Some of the flowers that attract birds will also provide food for butterflies. Lantana is a semi-tropical plant that was introduced widely into Southern California. Its nectar feeds butterflies as well as hummingbirds.
Greater Los Angeles is home to 106 species of butterflies, and of these 15 will be regular visitors to gardens that contain the plants they like.
“There are two different ways to attract butterflies,” explained Art Evans, Ph.D., insect zoo director at the Los Angeles County Museum of Natural History.
“A popular method is to include plants such as lantana or buddleia that are sources of nectar for adult butterflies. The other method is to grow the plants that are hosts for the butterfly caterpillars, such as milkweed, which hosts Monarch larvae.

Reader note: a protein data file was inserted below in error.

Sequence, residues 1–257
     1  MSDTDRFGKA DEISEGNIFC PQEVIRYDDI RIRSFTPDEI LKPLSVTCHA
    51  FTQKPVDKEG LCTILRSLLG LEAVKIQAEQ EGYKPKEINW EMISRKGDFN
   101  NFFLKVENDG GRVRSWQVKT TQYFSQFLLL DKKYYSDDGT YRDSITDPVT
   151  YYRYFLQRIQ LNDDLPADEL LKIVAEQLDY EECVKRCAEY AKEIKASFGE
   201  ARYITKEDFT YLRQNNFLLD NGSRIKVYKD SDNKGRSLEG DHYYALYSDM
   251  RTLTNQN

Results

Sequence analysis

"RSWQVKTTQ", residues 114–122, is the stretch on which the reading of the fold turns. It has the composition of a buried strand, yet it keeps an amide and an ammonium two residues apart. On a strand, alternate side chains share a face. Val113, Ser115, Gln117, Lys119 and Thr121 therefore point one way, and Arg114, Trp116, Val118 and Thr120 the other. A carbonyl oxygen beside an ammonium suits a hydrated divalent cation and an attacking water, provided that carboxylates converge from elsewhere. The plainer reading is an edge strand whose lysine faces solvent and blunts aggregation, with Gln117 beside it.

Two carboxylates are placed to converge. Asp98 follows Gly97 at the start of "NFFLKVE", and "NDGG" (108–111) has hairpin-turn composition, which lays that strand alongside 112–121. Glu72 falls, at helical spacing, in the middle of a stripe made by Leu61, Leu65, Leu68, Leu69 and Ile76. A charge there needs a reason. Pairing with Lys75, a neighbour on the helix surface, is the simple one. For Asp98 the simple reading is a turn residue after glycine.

“The downside of attracting butterflies is that caterpillars can damage other plants in the garden,” Evans added. “One way to avoid this is by planting only the nectar sources so the adult butterflies will lay their eggs at some other site.”
Natural butterfly habitats are rapidly shrinking.
“Some butterfly species will survive only if the plants they require continue to be planted,” said Rudy Mattoni, author of “The Butterflies of Greater Los Angeles.”
“The existence of the Gulf Fritillary butterfly depends on the passion vine. When people plant these vines, they can expect swarms of this butterfly species to come from miles around.”
Plants and seeds of bird and butterfly attracting flowers and shrubs are readily available in Los Angeles. Most nurseries stock the more common plants, and many seeds and plants can be obtained at the Theodore Payne Foundation in Sun Valley, (818) 768-1802.